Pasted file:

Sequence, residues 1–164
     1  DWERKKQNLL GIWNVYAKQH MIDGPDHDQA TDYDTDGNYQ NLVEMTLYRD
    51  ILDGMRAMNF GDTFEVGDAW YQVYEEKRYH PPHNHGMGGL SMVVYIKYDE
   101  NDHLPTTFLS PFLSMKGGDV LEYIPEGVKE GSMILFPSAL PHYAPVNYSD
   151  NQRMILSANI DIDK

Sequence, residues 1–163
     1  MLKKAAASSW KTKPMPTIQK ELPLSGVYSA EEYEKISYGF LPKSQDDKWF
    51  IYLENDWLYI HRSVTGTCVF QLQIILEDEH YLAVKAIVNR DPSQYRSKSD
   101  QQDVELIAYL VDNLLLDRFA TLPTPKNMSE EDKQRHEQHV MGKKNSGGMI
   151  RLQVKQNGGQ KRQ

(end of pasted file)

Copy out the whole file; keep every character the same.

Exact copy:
Sequence, residues 1–164
     1  DWERKKQNLL GIWNVYAKQH MIDGPDHDQA TDYDTDGNYQ NLVEMTLYRD
    51  ILDGMRAMNF GDTFEVGDAW YQVYEEKRYH PPHNHGMGGL SMVVYIKYDE
   101  NDHLPTTFLS PFLSMKGGDV LEYIPEGVKE GSMILFPSAL PHYAPVNYSD
   151  NQRMILSANI DIDK

Sequence, residues 1–163
     1  MLKKAAASSW KTKPMPTIQK ELPLSGVYSA EEYEKISYGF LPKSQDDKWF
    51  IYLENDWLYI HRSVTGTCVF QLQIILEDEH YLAVKAIVNR DPSQYRSKSD
   101  QQDVELIAYL VDNLLLDRFA TLPTPKNMSE EDKQRHEQHV MGKKNSGGMI
   151  RLQVKQNGGQ KRQ